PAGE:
The re­turn of Roger Fed­erer

On the eve of Wim­ble­don, seek­ing a re­turn to great­ness

The Washington Post Sunday - - FRONT PAGE - BY CHUCK CULPEP­PER

Roger Fed­erer has reached his 19th Wim­ble­don with a haunted exit from his last trip here, an ex­hil­a­rated exit from his last trip to a Grand Slam and a late­ca­reer knack for tak­ing all those aes­thetes who adore him on some nutty rides. ¶ It might sound blasé in gen­eral, the idea of a No. 3 seed near­ing 36 years old af­ter skip­ping the spring­time clay­court sea­son and miss­ing three of the past five Grand Slam tour­na­ments. Yet two wee patches of ten­nis within the vast sym­phony of his ca­reer frame this ap­proach to Wim­ble­don, which will be­gin Mon­day, and make him the most cu­ri­ous of all the male and fe­male en­tries at the All Eng­land club. ¶ The first patch lasted 11 points but, in a real sense, two. ¶ The other lasted a blurry 39 points from which no­body has re­cov­ered and, re­ally, no­body wants to. ¶ Both baf­fled other peo­ple and Fed­erer. ¶ In the first, in July 2016 at Wim­ble­don, he sud­denly served five con­sec­u­tive faults, which looked like some sense­less 5 a.m. dream with which you might bore oth­ers with de­tails. In the sec­ond, in Jan­uary this year in Aus­tralia, he sud­denly won five straight clos­ing games in a way even he never had. Of all peo­ple, this mae­stro with a his­tory of such broad dom­i­nance also has ex­em­pli­fied how sports his­tory can hinge on tiny mo­ments. A player who for so long rep­re­sented a kind of clar­ity has re­minded us that sports are mys­te­ri­ous.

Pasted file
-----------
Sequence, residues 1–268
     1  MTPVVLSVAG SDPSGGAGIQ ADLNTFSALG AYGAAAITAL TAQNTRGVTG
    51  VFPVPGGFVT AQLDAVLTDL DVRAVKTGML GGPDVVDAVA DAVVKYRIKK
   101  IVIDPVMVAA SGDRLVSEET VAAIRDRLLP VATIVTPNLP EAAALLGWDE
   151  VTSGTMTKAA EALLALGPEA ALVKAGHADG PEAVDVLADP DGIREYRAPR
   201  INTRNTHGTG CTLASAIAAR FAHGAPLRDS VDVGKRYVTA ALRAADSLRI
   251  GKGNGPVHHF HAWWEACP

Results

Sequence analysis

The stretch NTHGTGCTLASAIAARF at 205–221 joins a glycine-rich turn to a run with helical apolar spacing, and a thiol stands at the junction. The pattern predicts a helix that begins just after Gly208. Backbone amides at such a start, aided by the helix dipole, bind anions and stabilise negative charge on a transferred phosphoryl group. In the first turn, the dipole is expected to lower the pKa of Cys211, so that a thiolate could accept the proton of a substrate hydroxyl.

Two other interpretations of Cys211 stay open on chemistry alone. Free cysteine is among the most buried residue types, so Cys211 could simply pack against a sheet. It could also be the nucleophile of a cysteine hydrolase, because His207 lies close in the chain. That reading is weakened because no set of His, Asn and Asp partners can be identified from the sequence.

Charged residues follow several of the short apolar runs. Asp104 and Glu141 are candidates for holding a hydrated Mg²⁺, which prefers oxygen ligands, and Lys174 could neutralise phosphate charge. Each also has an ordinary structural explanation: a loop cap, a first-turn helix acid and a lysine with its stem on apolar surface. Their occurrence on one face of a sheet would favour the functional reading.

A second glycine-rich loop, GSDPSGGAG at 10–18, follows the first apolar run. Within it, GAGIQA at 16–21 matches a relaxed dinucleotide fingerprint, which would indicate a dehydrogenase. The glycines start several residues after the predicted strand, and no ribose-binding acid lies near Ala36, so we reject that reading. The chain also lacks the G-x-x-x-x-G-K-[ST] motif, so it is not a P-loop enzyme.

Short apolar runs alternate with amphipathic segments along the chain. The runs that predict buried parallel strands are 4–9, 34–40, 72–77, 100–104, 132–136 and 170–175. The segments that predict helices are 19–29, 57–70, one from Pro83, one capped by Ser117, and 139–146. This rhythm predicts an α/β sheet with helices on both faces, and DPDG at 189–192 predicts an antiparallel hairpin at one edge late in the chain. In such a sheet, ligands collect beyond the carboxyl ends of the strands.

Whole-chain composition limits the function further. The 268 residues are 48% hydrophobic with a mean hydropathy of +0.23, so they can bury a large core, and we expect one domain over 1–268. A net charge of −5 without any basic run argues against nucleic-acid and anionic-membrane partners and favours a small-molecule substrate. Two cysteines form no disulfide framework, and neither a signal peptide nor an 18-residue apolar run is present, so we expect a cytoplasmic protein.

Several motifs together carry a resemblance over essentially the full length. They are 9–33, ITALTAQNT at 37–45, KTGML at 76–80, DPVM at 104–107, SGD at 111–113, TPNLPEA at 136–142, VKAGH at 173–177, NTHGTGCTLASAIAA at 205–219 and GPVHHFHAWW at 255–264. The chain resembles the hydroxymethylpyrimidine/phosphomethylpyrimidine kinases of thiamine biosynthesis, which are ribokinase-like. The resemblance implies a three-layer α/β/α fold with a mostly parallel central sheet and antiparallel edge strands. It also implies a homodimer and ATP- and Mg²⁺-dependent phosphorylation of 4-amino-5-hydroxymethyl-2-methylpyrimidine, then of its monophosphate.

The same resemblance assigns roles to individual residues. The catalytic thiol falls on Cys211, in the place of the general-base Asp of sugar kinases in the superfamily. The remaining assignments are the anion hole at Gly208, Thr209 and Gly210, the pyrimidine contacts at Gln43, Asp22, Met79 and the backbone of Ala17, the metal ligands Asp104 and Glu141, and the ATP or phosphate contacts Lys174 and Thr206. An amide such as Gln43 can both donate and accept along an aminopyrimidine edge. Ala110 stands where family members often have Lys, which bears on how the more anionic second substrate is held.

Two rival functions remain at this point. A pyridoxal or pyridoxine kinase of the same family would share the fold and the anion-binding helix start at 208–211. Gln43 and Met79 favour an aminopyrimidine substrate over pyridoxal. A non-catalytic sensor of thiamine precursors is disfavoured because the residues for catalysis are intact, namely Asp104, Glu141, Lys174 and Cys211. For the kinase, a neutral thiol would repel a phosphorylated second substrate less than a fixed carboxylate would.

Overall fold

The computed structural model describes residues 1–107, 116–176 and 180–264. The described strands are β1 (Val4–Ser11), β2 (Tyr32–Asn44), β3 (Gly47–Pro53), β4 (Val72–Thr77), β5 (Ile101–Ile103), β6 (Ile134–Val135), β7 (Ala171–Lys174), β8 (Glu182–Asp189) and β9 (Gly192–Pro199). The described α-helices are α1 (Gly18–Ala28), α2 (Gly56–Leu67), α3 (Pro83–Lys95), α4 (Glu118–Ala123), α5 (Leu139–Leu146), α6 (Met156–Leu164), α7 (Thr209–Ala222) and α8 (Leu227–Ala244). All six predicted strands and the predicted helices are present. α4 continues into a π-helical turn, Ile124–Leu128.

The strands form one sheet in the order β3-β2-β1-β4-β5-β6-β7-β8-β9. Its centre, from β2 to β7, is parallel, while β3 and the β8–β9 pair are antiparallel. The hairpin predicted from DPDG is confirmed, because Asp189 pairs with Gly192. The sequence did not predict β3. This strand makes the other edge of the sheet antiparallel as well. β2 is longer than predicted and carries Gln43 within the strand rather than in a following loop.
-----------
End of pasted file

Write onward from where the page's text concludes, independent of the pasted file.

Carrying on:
When Fed­erer served trail­ing 6-5 in the fourth set of a 2016 Wim­ble­don semi­fi­nal against Mi­los Raonic, he ap­peared more likely than not to ap­pear in a fi­nal against even­tual cham­pion Andy Mur­ray. Fed­erer led two sets to one. He had won one of those two in a tiebreaker, with an­other loom­ing as he bounced out hur­riedly to a 40-love stran­gle­hold. He had held serve for 18 con­sec­u­tive games. No­vak Djokovic, win­ner of the pre­vi­ous four Grand Slams and six of the pre­vi­ous eight, was long gone, hav­ing lost in the third round. The record book of­fered hope; Fed­erer held a 5-1 record in Grand Slams against Mur­ray, his pre­sump­tive next op­po­nent. When Raonic, the sixth-seeded Cana­dian who had yet to win a Grand Slam semi­fi­nal, pulled a clean-win­ning fore­hand from the mid­dle of the court for 40-15, that shot looked swell but prob­a­bly triv­ial. From there, stuff got weird. Fed­erer shipped a first serve long. He di­rected a sec­ond one to­ward the dou­bles cor­ner, both long and wide for 40-30. He sent one up the mid­dle but wide. He sent an­other long near the mid­dle for deuce. Those had be­come his only two dou­ble faults of the set (among five for the match), and it was like watch­ing some kind of wrin­kle in the fab­ric of the known Earth. Fed­erer had lost from the lead be­fore in high­brow mo­ments — two U.S. Open semi­fi­nals against Djokovic spring to mind — but not with such a fusil­lade of faults. He ac­tu­ally sent an­other serve up the mid­dle but wide be­fore fi­nally send­ing a sec­ond serve in. Three more deuces en­sued. Eleven points af­ter trail­ing 40-love, Raonic hauled to­ward a fifth set with both the 7-5 set win and un­mis­tak­able mo­men­tum.